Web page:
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Te Ipukarea Society: International pressure building against the rush to mine the deep sea

Saturday 24 February 2024 | Written by Te Ipukarea Society | Published in Environment, National


Last week, representatives from 133 member states of the Convention on the Conservation of Migratory Species of Wild Animals (CMS) met in Samarkand, Uzbekistan, from February 12-17, to discuss measures to protect migratory species on a global scale. The Cook Islands is one of these member states.

The meeting focused on several crucial topics, including the conservation of whales, sharks, and migratory birds.

In what many marine scientists around the world would consider the high note of the meeting, it concluded on February 17 with the adoption of a very significant resolution related to deep seabed mining.

This resolution urges all parties to the CMS not to “engage in, or support, deep-seabed mineral exploitation activities until sufficient and robust scientific information has been obtained to ensure that deep-seabed mineral exploitation activities do not cause harmful effects to migratory species, their prey and their ecosystems”.

Migratory species of particular concern to us here in the Cook Islands includes whales, turtles, sharks, tuna and migratory birds. These species are important both economically and culturally to the Cook Islands people.

There was broad agreement among delegates that evidence of the potential impacts of deep seabed mining remains insufficient. Many expressed support for a precautionary pause. CMS has a role to play in building the scientific evidence base on deep-sea mining’s impact on marine migratory species, particularly beyond national jurisdiction.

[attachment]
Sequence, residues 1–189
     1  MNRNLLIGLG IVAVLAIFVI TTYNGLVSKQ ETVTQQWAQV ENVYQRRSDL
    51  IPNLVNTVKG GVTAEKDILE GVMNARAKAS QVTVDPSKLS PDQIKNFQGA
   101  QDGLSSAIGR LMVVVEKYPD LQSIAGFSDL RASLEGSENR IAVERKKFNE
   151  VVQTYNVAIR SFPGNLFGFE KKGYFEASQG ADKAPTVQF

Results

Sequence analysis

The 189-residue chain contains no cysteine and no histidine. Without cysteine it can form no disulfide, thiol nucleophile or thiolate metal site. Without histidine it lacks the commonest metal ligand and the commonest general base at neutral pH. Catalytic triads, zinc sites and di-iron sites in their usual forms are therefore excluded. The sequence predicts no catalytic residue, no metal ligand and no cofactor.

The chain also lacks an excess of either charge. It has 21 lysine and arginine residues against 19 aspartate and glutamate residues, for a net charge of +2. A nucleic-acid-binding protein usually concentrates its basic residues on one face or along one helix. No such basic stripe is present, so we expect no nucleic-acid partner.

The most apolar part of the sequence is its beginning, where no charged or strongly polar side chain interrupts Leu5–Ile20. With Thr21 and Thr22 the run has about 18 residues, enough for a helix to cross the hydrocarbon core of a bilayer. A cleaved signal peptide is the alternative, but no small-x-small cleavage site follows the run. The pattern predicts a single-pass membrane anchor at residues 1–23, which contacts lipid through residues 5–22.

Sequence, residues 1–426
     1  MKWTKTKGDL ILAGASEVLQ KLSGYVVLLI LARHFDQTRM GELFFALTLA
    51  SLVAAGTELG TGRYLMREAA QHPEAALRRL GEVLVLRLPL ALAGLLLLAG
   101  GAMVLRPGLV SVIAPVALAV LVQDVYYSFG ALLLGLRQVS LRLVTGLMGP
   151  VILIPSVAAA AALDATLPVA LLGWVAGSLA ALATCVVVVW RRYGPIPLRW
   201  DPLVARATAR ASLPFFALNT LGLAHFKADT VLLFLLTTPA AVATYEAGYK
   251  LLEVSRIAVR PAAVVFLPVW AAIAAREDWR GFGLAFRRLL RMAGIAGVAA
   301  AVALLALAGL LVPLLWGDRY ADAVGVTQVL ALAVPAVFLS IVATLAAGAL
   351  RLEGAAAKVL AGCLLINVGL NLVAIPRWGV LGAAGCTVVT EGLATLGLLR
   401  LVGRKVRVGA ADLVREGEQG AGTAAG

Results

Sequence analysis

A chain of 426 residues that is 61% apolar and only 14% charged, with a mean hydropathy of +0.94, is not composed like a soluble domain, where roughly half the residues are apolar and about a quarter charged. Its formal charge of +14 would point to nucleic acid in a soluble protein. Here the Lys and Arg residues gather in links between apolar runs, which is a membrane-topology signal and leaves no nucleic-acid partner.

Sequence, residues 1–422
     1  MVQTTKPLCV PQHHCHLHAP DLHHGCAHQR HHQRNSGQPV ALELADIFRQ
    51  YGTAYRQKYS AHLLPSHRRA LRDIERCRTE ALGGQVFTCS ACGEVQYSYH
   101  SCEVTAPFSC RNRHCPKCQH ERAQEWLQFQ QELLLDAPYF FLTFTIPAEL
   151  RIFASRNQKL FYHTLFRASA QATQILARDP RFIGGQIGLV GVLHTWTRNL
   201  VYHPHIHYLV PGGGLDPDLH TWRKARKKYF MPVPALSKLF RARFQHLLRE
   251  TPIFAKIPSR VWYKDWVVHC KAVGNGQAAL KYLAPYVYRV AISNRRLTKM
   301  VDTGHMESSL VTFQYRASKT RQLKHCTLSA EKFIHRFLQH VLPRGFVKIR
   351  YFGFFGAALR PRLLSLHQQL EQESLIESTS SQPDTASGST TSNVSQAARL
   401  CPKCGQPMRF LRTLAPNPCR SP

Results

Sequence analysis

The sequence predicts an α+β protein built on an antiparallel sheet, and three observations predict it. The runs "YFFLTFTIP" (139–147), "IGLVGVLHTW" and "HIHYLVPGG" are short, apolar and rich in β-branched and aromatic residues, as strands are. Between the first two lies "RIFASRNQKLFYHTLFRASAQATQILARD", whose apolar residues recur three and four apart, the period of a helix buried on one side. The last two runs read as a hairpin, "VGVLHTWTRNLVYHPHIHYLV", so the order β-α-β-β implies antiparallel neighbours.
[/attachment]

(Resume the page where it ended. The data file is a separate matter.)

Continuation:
The Cook Islands was one of very few countries to speak up in support of a letter from the International Seabed Authority (ISA) that criticised the draft resolution.  The ISA letter made reference to a number of “independent” scientists that had reviewed and disagreed with the draft resolution that was circulated prior to the COP climate change conference. However, a quick google search of these so called independent scientists tells us that most are affiliated with a company called MarineSpace Ltd, a firm that makes most of its money by offering services to the marine minerals and offshore oil and gas companies. Another of the scientisists is the Director of the International Marine Minerals Society. These scientists can therefore hardly be called independent.

The Cook Islands delegation supported the letter from the ISA, and said that our Cook Islands scientists agree with the views of these so called independent experts. We do not know who these Cook Islands scientists referred to are. Most Cook Islands scientists that we know of with a PhD or other qualification related to marine biology and marine ecosystems are supportive of a moratorium, or an outright ban on deep seabed mining.

As a party to the CMS, under this adopted resolution, the Cook Islands is requested to:

  1. Inform the Secretariat by 30 June 2024 of any relevant scientific or other information, including any EIA guidance, that considers the impacts of deep-seabed mineral exploitation activities on migratory species, their prey and their ecosystems;
  2. Prioritise research, including monitoring programmes as appropriate, into the impacts of deep-seabed mineral exploitation activities on migratory species, their prey and their ecosystems;
  3. Support the work of the Scientific Council, as directed …

The adoption of this resolution by the CMS COP highlights yet another global, multilateral organisation taking a strong stance on the issue of deep seabed mining.